Racine (Dame-Jasmine Hughes) and Anaia (Alfie Fuller) are 21-year-old twins whose mother they believe died in a fire when they were three. The episode left both of them scarred: the fierce and merciless Racine on her back and arms which can be covered, while Anaia has scars on her face which make her shy and retiring. Having been brought up in a series of brutal foster homes, they are no strangers to both violence and misery. After no word for 18 years, they receive a letter from their mother who is in the ironically named Folsom Rest Home for the Weary asking them to visit as she is dying. Locating her in the “Dirty South,” they find that she has burns all over her body so much so that she describes herself as an alligator. She has a mission for them: it was their father who set the fire and before she dies she wants them to get her revenge on him and all those around him, which turns out to include the lawyer who got him off in his trial, his materialistic second wife, and her two twin sons, aged 16 years old.
Accepting the mission, Racine tells her sister that their mother is God as she gave them life, so that their mission is almost Biblical in its obligation. Using an old television set above the stage which announces chapter heading (over video loops) in the manner of a western serial or Brechtian tragicomedy, the play follows the sisters’ journey to find their father who turns out to be hiding in plain sight in the Los Angeles area. Each of their encounters is ironic (the lawyer is attempting suicide, the wife is fleeing from a bad marriage, and the sons think they are strippers sent by their father for their birthday.) With both sisters narrating their story, the outgoing Racine is the more violent one and thirsty for revenge. Using a rock in a sock she fulfills her mother’s orders while ultimately Anaia finds her inner nemesis to save her sister in the final stage of their mission.
When they finally encounter their father (called simply “The Man,”) he is dressed in black with his face covered by a huge cowboy hat, shades of Sergio Leone’s “The Man with No Name” from the Dollar Trilogy. Like the play and Adam Rigg’s minimalistic sets, he speaks sparingly and appears to be awaiting them all these years. The final confrontation which takes place in the desert is something Sam Shepard could have written for a western film epic.
As directed by Magar with an all–Black cast in a fast-paced, staccato style, Harris’ free verse dialogue seems to imply more than it says. Hughes and Fuller make a convincing team as sisters who have had to be everything to each other, with Hughes’ Racine the more dominant one, and Fuller the quiet more introspective sibling. As their mother, only known as “She” (though the father tells us her name), Jessica Frances Dukes is a revengeful spirit out of Greek tragedy (think Clytemnestra) living with only one purpose in mind. Michael Genet’s lawyer Chuck Hall is an amusing study of a man at the end of his rope who has nothing left to lose.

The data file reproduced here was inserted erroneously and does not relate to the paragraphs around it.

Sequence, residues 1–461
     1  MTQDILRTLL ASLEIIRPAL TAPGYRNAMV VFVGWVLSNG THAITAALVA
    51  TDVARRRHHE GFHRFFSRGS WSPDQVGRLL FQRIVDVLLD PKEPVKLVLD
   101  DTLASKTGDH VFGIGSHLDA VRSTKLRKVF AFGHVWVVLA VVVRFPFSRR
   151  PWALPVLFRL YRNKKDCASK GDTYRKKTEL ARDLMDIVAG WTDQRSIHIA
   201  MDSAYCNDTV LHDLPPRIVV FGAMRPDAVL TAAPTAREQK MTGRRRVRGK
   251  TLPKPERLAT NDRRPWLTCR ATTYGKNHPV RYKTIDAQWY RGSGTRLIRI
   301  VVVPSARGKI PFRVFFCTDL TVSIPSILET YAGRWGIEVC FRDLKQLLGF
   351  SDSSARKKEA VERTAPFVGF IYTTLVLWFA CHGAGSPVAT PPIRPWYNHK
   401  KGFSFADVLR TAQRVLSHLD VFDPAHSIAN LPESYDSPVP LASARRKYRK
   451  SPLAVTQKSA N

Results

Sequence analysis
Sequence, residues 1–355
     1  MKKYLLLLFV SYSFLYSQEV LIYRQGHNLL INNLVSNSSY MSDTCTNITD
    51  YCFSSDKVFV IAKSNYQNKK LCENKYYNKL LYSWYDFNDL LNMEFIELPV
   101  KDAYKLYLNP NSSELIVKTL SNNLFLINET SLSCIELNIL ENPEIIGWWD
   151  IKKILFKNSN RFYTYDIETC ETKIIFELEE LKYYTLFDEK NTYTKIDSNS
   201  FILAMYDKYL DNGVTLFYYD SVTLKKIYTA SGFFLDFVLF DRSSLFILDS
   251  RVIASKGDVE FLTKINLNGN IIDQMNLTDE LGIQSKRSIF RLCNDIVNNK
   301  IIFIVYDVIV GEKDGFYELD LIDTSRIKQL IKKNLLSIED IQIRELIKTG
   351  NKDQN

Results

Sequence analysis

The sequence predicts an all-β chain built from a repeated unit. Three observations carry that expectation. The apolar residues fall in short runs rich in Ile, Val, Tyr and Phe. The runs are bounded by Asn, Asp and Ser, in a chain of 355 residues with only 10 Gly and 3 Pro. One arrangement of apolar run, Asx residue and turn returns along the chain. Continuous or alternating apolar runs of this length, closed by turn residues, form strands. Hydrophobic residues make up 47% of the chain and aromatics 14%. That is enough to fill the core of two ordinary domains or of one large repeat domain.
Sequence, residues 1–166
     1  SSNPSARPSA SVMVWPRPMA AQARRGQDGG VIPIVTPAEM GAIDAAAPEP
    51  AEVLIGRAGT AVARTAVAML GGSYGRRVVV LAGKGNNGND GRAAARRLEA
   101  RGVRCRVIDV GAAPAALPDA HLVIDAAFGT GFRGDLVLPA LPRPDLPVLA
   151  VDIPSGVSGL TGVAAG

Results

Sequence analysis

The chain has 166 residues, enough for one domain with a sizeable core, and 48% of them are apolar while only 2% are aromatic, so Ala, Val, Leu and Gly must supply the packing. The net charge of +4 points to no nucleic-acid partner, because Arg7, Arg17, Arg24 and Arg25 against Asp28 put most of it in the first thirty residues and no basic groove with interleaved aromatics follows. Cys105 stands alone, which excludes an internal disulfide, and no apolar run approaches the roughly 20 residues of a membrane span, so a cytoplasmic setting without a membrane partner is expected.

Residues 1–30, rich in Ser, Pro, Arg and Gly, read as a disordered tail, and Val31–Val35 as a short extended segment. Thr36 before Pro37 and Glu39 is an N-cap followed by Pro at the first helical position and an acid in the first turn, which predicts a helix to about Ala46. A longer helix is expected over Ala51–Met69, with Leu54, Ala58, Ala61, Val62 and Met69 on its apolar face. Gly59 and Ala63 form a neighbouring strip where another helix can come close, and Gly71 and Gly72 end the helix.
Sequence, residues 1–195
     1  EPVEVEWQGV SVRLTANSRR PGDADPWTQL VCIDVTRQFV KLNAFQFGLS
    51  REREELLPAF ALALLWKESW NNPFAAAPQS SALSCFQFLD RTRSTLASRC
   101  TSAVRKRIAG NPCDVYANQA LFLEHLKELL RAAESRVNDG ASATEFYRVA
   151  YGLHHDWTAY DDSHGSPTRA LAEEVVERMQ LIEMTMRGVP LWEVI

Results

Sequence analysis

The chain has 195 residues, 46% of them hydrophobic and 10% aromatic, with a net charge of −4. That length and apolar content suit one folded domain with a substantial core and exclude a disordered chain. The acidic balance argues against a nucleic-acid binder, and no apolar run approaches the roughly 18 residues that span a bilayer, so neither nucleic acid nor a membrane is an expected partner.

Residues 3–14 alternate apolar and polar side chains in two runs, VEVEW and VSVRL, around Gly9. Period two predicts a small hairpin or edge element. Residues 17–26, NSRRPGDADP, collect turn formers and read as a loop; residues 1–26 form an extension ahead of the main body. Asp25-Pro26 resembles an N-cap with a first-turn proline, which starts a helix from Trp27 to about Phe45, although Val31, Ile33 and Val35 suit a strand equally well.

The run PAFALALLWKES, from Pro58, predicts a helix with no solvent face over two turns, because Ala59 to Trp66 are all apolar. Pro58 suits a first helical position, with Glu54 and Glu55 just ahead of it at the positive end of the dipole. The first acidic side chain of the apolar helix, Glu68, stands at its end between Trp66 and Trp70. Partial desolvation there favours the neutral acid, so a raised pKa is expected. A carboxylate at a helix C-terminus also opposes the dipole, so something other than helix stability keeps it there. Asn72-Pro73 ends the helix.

As their father’s second wife Angie, Nehassaiu deGannes is saddled with a satirical middle-class woman who believes that money and objects can make up for actions. She makes a strong character out of someone who is mainly a parody and a symbol of bourgeois decadence. As the second set of twins, Caleb Eberhardt and Anthony Cason are opposites just like their half-sisters. Eberhardt’s Scotch is a self-involved machoman and would-be rapper while Cason’s Riley (who wears glasses) is a sensitive vegetarian with an uncomfortable secret of his own. When we first meet Teagle F. Bougere as The Man, he is a silent archetype of the Old West, a man of few words who is as sinister as he appears to be up front about his actions. Though he is only in the play for a short time in the climactic scenes, he leaves an indelible impression.
Costume designer Montana Levi Blanco has designed netting for the sisters and the mother that eerily stands in for their terrible burns. Her costumes make clever statements with their use of iconic contemporary items like a leopard skin jacket, an off-the-shoulder jumper, and picture t-shirts. Rigg’s spare setting works fine for two-thirds of the 13 shorts scenes, but has a coup de theatre in store for the final confrontation. Matthew Richards’ lighting makes subtle use of color to heighten various moments of dark intensity. The final confrontation between the father and his daughters is entirely a dramatic lighting effect. The fight direction by J. David Brimmer has just right amount of violence for a play with such a high body count.
On the basis of Is God Is, Aleshea Harris is a new voice in the American theater whose work bears watching in the future. The play is the latest in a long line of revenge stories from the Bible to Quentin Tarantino. The nagging question becomes does Harris have an underlying theme other than the righting of past wrongs by violence. However, Magar’s riveting production never gives the viewer a chance to ponder on this dilemma while the tightly written drama is unfolding before you. While the play has a dark humor throughout, in a parody of the famous Louis Jordan song, it seems to ask the question, “Is God is or is God ain’t?” After witnessing the retribution of the sisters, only the viewer can decide for him or herself.
Is God Is (extended through March 31, 2018)
Soho Rep, 46 Walker Street, east of Church Street, in Manhattan
For tickets, call 212-352-3101 or visit http://www.sohorep.org
Running time: 95 minutes without an intermission